A fabulous gem of a game on an otherwise-dying system.

User Rating: 9.5 | Ristar: The Shooting Star GEN
1995. Support for 16-bit systems is diminishing due to the push for the new Playstation and the soon-to-follow Nintendo 64. The Genesis is no exception. With things shifting away from the 16-bit age, Sega begins working on their new consoles such as the Sega CD and the Saturn. However, they still had time to produce one more good game for the Genesis before it saw its twilight...That game is Ristar, a game I still find amazing even today.

Let's get a rundown:


The story is actually pretty basic, but it still serves well as a backdrop for the hero and the task he must complete.

An evil tyrant named Greedy (really creative with that one, but we'll let it slide this time) is going around with his minions to different planets, enslaving the populace and forcing them to do his will. He brainwashes the planet leaders and his reign of terror spreads like wildfire across the galaxy.

Even the "legendary hero" was unable to stop Greedy and was captured as well.

The people not yet enslaved make one last desperate plea for help...The message carries far across the heavens...and awakes young Ristar, son of the legendary hero. Ristar promptly takes off, hoping to stop the evil there and eventually defeat Greedy and rescue his father.


Wow. This game spared no expense here. This game could easily have been the prettiest game out there at the time with the kind of graphics we see here. The enemies are bright and colorful, and the backgrounds are lively and even interactive at times. Even Ristar's "waiting" animation differs based on what level he's in. For example, he sits down and fans himself with his hand to cool off in the lava world, where as in the snow world he makes little snowmen while he waits for the player to make a move.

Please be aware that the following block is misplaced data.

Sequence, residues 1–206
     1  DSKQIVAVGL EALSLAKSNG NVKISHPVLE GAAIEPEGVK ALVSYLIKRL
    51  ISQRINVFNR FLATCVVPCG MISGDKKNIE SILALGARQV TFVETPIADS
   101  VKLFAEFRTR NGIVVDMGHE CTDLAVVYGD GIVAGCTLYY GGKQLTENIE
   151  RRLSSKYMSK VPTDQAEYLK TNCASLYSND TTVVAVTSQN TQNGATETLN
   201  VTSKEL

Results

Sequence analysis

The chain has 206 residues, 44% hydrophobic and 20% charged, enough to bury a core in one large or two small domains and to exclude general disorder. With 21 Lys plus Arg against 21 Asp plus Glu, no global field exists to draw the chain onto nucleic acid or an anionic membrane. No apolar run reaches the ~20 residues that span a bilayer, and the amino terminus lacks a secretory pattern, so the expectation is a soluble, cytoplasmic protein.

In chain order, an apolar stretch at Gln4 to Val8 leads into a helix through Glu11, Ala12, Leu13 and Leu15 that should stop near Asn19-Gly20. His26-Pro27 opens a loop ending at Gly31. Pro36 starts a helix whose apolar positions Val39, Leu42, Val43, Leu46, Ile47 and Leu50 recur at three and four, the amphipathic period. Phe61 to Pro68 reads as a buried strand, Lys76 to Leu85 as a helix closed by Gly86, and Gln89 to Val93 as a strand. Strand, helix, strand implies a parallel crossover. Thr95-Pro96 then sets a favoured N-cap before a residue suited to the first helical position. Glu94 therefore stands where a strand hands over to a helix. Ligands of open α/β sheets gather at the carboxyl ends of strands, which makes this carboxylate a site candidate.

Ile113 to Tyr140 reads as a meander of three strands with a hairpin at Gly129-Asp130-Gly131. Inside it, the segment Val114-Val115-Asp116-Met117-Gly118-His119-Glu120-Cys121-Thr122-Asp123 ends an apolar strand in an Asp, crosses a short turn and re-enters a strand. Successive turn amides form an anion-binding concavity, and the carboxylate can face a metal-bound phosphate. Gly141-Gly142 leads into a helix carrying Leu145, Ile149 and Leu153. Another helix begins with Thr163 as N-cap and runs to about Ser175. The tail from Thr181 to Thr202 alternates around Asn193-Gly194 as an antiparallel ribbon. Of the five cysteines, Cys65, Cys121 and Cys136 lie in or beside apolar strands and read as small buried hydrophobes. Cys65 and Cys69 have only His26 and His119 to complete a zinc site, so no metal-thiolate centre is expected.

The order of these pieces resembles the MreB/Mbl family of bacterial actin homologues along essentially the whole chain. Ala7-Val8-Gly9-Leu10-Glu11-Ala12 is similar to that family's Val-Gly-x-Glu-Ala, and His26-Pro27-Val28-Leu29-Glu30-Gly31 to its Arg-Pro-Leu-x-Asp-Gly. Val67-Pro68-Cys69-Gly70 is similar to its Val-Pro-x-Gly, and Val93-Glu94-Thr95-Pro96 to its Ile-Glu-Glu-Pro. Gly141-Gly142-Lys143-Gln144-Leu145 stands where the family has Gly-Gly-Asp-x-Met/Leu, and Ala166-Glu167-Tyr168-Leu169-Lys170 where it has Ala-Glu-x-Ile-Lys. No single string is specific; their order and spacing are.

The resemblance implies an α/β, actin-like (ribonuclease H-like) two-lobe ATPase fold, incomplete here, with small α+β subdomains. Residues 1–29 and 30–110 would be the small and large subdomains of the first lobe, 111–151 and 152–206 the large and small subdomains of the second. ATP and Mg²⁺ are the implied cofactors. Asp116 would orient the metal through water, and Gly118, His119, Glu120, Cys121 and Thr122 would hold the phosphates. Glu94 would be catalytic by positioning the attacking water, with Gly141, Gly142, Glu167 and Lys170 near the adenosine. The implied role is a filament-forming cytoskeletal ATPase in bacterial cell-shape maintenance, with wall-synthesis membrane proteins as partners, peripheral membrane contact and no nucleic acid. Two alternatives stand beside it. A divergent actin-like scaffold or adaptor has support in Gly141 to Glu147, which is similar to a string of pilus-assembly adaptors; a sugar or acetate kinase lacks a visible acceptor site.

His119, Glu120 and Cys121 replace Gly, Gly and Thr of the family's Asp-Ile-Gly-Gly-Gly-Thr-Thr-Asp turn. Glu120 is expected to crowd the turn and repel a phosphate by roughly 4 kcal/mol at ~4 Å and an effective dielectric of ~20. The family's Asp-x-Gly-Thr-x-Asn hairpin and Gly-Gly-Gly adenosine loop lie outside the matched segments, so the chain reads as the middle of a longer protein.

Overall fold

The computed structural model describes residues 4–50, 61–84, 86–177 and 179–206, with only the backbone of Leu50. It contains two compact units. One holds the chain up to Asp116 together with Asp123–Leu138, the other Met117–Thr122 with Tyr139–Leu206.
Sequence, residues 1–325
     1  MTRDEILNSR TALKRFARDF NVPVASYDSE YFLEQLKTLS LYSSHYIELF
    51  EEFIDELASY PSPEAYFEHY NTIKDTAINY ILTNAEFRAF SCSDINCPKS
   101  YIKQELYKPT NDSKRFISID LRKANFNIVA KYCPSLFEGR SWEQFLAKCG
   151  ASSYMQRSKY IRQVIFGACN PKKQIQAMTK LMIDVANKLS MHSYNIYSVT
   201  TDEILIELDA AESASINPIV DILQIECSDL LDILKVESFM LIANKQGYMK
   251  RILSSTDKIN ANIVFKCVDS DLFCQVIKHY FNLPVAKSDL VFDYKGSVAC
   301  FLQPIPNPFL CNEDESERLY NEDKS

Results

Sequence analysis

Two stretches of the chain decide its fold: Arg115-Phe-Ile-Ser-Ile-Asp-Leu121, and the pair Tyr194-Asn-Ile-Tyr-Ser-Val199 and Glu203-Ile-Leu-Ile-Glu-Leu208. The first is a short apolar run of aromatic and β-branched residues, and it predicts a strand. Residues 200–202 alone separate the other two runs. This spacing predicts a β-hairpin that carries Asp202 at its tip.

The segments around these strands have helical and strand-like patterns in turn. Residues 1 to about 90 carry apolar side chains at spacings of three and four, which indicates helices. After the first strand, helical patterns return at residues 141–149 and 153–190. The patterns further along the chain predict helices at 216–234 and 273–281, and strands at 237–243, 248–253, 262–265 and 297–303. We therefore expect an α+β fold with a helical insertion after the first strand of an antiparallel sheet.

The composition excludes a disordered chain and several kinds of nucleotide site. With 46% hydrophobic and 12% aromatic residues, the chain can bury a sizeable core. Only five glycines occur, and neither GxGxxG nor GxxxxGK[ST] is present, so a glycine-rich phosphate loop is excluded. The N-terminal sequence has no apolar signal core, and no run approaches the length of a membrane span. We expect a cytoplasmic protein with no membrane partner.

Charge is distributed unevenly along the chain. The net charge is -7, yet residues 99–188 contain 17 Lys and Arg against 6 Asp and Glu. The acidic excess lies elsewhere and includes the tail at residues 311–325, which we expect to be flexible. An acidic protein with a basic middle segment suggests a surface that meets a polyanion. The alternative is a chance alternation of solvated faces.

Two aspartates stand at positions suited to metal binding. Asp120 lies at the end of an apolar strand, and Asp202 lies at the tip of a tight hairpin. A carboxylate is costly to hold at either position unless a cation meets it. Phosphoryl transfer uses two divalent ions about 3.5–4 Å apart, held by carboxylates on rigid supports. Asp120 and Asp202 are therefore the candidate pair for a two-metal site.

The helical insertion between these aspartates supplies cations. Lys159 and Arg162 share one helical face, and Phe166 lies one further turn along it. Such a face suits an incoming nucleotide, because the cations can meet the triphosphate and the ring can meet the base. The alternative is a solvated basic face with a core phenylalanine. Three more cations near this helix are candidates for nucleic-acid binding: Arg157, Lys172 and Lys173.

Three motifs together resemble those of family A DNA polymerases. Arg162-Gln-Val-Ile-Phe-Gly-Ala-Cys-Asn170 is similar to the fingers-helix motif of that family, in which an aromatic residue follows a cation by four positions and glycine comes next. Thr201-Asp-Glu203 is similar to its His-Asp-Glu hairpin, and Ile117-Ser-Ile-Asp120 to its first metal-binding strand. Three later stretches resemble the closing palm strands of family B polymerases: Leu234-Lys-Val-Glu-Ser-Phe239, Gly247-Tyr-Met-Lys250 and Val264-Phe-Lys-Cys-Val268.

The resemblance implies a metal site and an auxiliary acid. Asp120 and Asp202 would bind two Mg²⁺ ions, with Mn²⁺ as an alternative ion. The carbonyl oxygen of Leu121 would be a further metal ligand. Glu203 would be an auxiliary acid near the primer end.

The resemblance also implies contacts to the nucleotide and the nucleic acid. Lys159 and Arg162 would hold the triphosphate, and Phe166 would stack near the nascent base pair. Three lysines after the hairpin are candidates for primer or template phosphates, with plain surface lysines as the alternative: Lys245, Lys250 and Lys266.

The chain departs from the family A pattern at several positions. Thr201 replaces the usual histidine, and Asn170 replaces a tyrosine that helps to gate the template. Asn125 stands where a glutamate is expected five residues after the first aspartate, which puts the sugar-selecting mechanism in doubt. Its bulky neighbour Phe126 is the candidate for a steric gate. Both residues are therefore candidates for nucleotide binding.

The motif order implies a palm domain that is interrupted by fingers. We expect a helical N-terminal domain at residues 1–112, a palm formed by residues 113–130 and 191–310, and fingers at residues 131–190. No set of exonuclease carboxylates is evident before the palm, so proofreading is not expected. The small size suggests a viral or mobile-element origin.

The whole package is really well put together and shows a lot of time and effort on Sega's time. I never imagined that a game that looks this good could have been released on the Genesis. When I was a kid, I paid it no mind, but now, I can see this game as an example of just how good 16-bit graphics can look...they rival and in some cases outdo graphics on later systems.


The music in this game is also quite good. Each level has its own distinct tune, which usually fits quite well with the current situation. For example, the underwater levels have more serene music as you swim along, while the mechanized level has more of a robotic feel, incorporating the whirrs and beeps of machinery. One level actually has you collecting metronomes to put together the parts of the level's music, which is kinda cool. The tracks are neither amazingly epic nor completely lame. They just...fit. Though I do especially like the music that plays when you beat a level. I find it inspiring :)


Controls are simple, yet take a while to completely master. By default, the A and C buttons jump, and the B button is the "grab" button, which you'll be using to attack, climb, swing, and other various actions. The controls are pretty fluid and the movements feel natural once you get the hang of how Ristar's arms work. Not much more to say here.


Even with good graphics, music, and controls, a game is no good if it's not FUN, right? Luckily, Ristar steps up and makes itself extremely playable (and re-playable, for that matter).